Matt HolubowskiWhen we reach him on the phone, Matt Holubowski is in his favourite place in the world: the tour van. He might not be very far from Montréal (tonight’s concert is in Sorel, about an hour by car northeast of the city), but hitting the road, even for just a few kilometres, makes him feel at ease. He’s always loved to travel and visited several continents – sometimes as a humanitarian volunteer – and is only now starting to realize that his trade as a musician could take him to places he’s never even thought of before. “My God! If you only knew…” he says. “That’s my ultimate dream. For now, I’m focusing on concerts in Québec, so we rarely leave for more than a few days at a time, but I’d love to be on the road for weeks, or even months.”

One can easily imagine that Holubowski’s music could travel around the globe. His ethereal folk rock has often been compared to that of Patrick Watson, and has a universal and timeless quality. It surely can’t hurt that folksingers are quite popular of late, to wit the fact that Bob Dylan recently won the Nobel Prize in Literature. “It’s funny, we were just listening to Dylan’s Desire in the van,” says Holubowski. “I’d be lying if I said he hasn’t been a major influence! To me, he’s right up there on a pedestal, a role model for any aspiring songwriter.”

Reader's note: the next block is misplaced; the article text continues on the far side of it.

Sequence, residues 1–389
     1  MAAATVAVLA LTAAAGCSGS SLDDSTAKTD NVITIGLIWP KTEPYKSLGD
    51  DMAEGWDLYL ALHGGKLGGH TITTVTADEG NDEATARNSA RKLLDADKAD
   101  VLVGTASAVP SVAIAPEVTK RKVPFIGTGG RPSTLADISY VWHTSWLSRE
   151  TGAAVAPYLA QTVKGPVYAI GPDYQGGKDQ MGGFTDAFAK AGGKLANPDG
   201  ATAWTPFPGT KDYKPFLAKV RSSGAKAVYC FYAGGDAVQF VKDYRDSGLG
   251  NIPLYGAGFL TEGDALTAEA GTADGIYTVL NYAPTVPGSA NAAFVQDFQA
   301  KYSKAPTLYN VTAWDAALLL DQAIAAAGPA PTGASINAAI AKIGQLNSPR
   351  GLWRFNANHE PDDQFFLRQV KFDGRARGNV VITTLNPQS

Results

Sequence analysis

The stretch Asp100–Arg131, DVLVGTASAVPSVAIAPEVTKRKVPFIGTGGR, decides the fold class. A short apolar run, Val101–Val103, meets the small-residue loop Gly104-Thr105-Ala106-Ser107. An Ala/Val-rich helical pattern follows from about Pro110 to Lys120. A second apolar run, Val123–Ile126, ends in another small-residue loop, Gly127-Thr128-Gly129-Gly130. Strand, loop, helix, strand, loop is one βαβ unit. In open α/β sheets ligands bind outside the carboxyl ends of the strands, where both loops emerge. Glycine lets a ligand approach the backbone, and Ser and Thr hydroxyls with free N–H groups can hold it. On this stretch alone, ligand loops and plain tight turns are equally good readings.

As a matter of fact, it was by singing a Dylan song that Holubowski most impressed everyone when he was a contestant on La Voix in 2015. Mind you, he didn’t pick an obvious song, such as “Like a Rolling Stone” or “Knocking on Heaven’s Door,” but the lesser-known ballad “Girl from the North Country.” “It’s funny you should mention that,” he says. “Initially, the one I really wanted to sing was “A Hard Rain’s A-Gonna Fall,” but it’s a hard song, and it’s almost seven minutes long. That’s when someone suggested “Girl from the North Country,” which is better known because Johnny Cash covered it. They told me it would connect with the audience more.”

Nowadays, this type of issue doesn’t bother Holubowski anymore. When he recorded his album Solitudes, the people at Audiogram gave him carte blanche, never trying to make him more “radio-friendly” or commercially accessible. “I have nothing against light pop music, but to me, a song must have a certain depth,” he says. “You don’t have to be Baudelaire, but you can surely do better than ‘Baby, baby’… It might be Dylan’s influence, since we’re on the topic, but to me, lyrics are vital; that’s always what I notice first in any music.”